(Roughly) Daily

A thinking place…


Stephen Chrisomalis (now a professor at Wayne State University in Detroit) collects “unusual” words. Since 1996, he’s been kind enough to share his collection on the web; his site, The Phrontistery*, the centerpiece of which (for your correspondent, anyway) is The International House of Logorrhea, “a list of 15,500 English words [so far], ranging from the merely uncommon to the extremely rare, nearly obsolete and just plain nutty”… and a delight.

It’s got pronunciation guides, subject area glossaries, word-finding tips, even a 2- and 3-letter Scrabble word list.  There’s a Compendium of Lost Words (a compilation of ultra-rare forgotten words), and many other glossaries, word lists, essays, and other language and etymology resources

The first compilation of English words was (probably) A Table Alphabeticall, a list of 2,500 words published in 1604 by Robert Cawdrey, a defrocked priest who’d become a schoolmaster.  (Cawdrey’s list didn’t include “dictionary,” though the word had been used as early as 1538 in Sir Thomas Elyot’s Latin Dictionary.)  The next major advance was (per last Wednesday’s post) Dr. Johnson’s Dictionary, which was the standard until 1884, and the introduction of the Oxford English Dictionary.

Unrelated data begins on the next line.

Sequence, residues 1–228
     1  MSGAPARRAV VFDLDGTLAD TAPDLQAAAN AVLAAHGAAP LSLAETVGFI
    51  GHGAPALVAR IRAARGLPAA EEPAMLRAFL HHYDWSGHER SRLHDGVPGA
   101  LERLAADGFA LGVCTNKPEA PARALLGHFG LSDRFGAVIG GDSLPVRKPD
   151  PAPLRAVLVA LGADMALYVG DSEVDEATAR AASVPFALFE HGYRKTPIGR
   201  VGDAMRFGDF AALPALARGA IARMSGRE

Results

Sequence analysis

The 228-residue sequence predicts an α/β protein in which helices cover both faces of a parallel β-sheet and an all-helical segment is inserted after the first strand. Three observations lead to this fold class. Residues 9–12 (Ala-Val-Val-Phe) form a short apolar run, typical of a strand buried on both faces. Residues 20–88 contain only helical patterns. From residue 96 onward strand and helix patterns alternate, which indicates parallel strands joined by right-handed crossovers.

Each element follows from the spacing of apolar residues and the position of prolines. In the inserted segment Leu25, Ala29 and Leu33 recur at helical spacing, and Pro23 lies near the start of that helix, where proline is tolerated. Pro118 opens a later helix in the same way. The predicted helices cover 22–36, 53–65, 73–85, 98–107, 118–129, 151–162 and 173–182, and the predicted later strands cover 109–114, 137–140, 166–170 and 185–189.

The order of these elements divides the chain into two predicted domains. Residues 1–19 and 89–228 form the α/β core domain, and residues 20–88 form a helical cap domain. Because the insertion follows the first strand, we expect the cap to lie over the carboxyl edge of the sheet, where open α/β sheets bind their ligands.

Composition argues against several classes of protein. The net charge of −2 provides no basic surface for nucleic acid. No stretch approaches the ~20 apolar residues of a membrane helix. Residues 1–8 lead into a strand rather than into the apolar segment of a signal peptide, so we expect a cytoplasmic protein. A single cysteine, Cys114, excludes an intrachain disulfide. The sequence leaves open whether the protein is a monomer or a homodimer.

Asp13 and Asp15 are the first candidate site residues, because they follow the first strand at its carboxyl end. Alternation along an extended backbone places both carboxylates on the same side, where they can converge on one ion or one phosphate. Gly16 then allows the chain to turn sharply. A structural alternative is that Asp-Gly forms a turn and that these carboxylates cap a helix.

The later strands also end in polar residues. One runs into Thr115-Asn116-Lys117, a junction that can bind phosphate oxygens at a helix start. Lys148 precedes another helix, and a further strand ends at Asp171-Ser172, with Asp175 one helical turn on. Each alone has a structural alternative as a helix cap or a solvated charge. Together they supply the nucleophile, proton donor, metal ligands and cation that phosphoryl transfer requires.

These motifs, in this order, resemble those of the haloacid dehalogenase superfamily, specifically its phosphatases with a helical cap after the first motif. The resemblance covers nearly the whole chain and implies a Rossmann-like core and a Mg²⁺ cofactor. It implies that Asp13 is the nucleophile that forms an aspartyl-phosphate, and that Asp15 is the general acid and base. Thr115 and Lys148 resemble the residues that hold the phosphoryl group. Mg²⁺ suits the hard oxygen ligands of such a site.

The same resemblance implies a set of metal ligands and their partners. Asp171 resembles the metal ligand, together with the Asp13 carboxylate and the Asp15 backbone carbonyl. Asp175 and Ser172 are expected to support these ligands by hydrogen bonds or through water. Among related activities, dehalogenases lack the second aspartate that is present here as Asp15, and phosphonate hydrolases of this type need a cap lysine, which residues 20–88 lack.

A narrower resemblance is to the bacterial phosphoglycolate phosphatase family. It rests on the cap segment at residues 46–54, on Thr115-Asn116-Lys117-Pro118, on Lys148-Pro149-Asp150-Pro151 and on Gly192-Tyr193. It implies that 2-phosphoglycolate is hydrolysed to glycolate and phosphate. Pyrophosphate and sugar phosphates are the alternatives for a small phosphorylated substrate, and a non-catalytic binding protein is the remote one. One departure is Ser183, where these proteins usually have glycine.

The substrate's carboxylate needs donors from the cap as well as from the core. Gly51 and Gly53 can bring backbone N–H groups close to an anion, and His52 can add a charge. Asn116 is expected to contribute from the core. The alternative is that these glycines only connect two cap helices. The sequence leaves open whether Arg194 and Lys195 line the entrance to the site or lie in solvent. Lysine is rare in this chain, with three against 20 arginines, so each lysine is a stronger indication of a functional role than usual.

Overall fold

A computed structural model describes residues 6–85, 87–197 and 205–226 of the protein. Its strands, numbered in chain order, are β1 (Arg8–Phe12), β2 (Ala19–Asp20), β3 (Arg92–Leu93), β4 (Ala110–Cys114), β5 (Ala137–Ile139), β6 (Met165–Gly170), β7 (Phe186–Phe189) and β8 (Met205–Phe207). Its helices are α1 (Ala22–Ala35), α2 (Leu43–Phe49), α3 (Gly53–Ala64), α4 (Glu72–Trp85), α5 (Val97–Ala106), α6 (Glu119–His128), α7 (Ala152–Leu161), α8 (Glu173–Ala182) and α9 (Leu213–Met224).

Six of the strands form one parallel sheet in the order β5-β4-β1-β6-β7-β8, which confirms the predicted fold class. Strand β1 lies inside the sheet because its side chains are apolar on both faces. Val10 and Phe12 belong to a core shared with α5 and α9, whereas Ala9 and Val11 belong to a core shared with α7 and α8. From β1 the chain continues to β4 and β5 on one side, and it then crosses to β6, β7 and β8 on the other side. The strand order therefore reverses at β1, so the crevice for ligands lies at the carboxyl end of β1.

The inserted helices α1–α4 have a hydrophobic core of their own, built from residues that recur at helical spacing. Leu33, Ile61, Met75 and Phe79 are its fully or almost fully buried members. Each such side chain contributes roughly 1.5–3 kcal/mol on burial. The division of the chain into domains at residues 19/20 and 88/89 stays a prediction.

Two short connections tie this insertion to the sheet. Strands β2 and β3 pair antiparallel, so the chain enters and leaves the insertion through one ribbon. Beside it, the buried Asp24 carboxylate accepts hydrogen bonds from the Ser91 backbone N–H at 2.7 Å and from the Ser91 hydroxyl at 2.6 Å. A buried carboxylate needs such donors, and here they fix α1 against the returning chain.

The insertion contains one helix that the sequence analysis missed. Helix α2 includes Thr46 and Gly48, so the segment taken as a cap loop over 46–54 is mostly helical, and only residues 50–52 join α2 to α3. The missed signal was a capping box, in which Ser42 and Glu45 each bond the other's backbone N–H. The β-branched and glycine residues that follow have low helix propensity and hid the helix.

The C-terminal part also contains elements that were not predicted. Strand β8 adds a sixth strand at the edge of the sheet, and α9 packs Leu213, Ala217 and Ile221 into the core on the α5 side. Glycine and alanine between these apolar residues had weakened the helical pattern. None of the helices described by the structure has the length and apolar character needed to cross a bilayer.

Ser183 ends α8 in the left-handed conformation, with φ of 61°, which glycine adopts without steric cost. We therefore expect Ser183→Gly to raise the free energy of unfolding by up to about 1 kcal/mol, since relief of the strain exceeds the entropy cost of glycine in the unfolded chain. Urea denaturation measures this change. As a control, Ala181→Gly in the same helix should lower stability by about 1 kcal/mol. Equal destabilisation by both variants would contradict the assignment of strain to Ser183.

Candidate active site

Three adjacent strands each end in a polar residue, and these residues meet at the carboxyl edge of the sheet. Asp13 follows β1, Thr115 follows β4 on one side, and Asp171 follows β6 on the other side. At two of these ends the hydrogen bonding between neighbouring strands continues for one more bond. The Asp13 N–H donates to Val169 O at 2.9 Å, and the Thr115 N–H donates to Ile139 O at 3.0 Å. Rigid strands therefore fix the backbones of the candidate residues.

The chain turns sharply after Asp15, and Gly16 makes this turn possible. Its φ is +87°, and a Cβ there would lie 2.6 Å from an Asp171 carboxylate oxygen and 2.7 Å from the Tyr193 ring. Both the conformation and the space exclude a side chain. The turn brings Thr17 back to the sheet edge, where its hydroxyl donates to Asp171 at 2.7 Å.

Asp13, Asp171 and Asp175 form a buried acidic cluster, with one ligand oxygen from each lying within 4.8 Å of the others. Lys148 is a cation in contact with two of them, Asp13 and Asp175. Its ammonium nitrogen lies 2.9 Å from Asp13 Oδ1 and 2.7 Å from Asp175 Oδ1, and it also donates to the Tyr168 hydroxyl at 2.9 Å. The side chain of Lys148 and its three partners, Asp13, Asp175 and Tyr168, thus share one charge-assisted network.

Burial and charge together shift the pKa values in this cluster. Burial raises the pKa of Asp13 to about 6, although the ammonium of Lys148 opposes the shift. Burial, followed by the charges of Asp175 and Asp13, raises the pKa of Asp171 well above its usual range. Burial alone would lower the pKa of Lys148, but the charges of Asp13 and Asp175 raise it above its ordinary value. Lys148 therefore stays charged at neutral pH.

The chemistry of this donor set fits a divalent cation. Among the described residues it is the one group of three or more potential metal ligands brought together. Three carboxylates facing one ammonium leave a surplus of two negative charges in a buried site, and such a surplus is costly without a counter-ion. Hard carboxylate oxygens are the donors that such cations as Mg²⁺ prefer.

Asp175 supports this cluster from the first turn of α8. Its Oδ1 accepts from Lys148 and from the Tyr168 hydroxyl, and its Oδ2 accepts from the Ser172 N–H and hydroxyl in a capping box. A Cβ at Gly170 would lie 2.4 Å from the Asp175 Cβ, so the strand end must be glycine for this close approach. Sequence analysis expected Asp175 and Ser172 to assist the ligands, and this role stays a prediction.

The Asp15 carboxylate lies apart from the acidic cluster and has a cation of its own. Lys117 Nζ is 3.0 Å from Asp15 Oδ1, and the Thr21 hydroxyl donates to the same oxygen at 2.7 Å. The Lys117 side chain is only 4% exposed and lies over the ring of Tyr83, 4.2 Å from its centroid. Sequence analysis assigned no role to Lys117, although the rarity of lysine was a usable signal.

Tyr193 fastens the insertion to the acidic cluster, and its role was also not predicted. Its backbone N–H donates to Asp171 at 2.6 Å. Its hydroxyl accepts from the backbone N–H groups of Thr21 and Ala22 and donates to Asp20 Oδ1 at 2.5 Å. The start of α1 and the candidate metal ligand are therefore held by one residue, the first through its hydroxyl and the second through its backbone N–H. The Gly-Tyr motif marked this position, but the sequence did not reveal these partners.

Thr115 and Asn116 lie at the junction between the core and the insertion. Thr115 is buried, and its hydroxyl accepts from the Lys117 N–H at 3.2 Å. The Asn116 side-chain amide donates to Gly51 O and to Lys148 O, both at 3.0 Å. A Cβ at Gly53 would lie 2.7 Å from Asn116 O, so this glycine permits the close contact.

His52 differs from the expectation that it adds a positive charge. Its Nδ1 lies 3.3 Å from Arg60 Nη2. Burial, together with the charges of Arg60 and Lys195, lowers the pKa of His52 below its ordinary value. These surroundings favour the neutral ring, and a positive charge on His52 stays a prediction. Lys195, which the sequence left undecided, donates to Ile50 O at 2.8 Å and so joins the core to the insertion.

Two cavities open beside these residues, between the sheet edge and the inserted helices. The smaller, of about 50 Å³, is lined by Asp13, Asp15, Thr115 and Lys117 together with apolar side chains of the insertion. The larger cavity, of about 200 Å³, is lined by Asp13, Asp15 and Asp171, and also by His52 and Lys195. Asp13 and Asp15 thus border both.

Chrisomalis and his fellow-travellers on the web– who include the OED and other traditional publishers– are moving lexicography into its next phase.

W.H. Auden once said that the book he’d choose for a desert island was a dictionary, as it “may legitimately be read in an infinite number of ways.”  Thanks to Chrisomalis, et al., infinity is getting even bigger and even more interesting.

* Phrontistery: A thinking place. n. [Gr. phrontisterion, from phrontistes a thinker, from phroneein, to think]

As we noodle on nouns, we might recall that on this date in 1789 “The Power of Sympathy, or the Triumph of Nature Founded in Truth”– the first novel by an American writer to be published in America– was printed in Boston, Massachusetts.  The first editions of the book did not carry the author’s name, but a later printing carried the name “Sarah Wentworth Apthorp Morton”– though most scholars attribute the book’s authorship to William Hill Brown.

The Power of Sympathy

Written by (Roughly) Daily

January 21, 2009 at 1:01 am

Posted in Uncategorized

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